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Has Haruhi Aged Well?

HaruhiWould you believe that the first season of Haruhi Suzumiya started airing ten years ago in the spring anime season of 2006?

I still remember when Haruhi was the best thing since sliced bread. I only got into the series when the Disappearance movie came out, but people were still excited about Haruhi in those days. In Japan, Haruhi goods were displayed all over the place.

Things have changed a lot since then, though. Last year, the Nagato spinoff aired on TV and no one really gave a damn. I didn’t even watch it, personally. Also, a quick Google search doesn’t show too many English-speaking fans even remembering the anime’s tenth anniversary, especially compared to the Japanese fandom. So I’m wondering what English-speaking fans think of the series these days. Would fans of today’s light novels enjoy the charms of Haruhi? I wonder about these things…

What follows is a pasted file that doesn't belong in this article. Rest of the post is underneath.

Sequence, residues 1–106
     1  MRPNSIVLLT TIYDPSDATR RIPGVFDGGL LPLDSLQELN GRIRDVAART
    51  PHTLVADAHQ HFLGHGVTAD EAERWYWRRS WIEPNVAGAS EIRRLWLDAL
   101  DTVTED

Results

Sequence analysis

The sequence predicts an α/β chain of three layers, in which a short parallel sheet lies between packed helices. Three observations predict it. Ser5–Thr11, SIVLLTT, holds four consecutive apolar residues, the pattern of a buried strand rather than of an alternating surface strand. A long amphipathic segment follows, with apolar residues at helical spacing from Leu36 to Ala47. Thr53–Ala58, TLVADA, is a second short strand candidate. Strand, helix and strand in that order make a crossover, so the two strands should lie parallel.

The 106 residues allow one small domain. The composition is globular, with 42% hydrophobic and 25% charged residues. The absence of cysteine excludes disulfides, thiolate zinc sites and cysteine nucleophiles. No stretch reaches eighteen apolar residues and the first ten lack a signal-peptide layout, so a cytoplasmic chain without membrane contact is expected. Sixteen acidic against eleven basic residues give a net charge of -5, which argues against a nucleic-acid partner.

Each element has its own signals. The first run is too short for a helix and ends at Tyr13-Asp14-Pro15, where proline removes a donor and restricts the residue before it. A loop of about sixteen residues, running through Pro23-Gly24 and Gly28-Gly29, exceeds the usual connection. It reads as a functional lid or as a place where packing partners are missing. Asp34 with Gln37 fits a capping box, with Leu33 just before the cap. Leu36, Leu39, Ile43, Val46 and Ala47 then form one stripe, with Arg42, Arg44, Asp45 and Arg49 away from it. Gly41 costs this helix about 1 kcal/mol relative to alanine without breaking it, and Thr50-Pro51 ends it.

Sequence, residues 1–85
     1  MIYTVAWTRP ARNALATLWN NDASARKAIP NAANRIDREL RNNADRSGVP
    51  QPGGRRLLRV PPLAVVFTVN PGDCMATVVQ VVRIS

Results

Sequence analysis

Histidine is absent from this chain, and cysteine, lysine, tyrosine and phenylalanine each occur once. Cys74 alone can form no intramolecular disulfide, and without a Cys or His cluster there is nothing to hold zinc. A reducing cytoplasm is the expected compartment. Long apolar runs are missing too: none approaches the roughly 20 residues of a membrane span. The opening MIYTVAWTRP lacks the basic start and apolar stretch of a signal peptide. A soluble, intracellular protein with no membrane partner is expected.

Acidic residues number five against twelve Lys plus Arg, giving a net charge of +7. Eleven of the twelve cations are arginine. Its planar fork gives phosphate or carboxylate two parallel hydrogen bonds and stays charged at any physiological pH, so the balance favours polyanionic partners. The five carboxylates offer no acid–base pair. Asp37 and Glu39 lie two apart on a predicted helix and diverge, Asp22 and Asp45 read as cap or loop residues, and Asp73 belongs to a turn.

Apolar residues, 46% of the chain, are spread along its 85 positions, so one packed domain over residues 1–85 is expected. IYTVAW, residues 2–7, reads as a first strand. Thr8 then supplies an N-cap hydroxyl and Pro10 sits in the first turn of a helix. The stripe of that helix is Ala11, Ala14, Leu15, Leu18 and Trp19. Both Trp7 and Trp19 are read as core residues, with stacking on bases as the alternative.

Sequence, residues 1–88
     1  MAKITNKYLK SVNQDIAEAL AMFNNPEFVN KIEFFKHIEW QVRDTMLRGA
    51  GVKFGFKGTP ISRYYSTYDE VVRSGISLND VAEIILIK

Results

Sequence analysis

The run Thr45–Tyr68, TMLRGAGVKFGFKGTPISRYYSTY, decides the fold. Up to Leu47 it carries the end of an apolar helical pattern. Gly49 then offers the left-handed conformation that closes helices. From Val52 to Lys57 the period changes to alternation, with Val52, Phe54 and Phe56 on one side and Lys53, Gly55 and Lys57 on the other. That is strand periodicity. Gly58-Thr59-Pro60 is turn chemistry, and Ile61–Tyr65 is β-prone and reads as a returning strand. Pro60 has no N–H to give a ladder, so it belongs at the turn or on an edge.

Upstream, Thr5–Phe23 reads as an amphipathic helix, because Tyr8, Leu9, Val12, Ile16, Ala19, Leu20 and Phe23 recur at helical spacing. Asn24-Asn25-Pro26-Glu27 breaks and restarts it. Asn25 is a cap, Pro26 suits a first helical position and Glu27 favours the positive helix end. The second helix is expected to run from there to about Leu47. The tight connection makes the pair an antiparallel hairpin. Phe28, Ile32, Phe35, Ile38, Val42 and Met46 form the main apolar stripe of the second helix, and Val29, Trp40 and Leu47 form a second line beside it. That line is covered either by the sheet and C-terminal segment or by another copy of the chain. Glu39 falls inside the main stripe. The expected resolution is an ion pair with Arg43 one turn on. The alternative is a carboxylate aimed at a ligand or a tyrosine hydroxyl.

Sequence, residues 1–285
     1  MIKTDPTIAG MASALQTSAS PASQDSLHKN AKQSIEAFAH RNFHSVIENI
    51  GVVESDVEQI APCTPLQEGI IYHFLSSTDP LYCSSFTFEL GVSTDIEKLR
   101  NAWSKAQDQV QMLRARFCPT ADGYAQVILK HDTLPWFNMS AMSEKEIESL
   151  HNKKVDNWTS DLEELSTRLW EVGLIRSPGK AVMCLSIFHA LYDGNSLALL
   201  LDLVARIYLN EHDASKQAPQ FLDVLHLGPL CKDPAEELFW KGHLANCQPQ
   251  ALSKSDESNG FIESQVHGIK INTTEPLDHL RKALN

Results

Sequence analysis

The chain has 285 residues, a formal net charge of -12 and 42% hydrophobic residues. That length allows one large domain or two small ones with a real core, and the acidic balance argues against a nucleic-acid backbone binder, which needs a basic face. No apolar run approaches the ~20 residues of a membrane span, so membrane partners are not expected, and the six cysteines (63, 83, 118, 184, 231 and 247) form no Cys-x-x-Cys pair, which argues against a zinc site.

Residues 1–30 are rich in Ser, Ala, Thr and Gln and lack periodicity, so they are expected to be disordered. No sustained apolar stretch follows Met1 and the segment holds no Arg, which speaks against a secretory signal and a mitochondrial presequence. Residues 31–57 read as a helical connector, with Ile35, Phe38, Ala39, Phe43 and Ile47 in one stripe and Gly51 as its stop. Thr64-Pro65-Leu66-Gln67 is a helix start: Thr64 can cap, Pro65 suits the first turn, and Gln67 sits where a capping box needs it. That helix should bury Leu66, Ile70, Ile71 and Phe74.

Haruhi Suzumiya was never my favourite series, but I thought it was funny and clever at the time. While I still haven’t gotten around to rewatching the TV series, I did still appreciate the merit in the Disappearance movie when I rewatched it in 2014. This time, I decided to read the first volume of the light novel as a refresher course.

And… well… how do I put it? While it was definitely written better than your average power fantasy light novel, it did still feel somewhat tedious and dull to read in parts. The sexual harassment scenes were bad, but they were also bad in 2006 (or 2003, which was when the novel was published), so that’s a moot point.

[a.f.k.] The Melancholy of Haruhi Suzumiya - 04.avi - 00001

 

The rest of the story was more or less exactly how I remembered it from all those years ago. Kyon’s observations usually made me chuckle, Haruhi’s behaviour ranges from quirky to detestable, and Koizumi rambles a whole lot. It wasn’t a page turner, but I had fun revisiting these old familiar friends.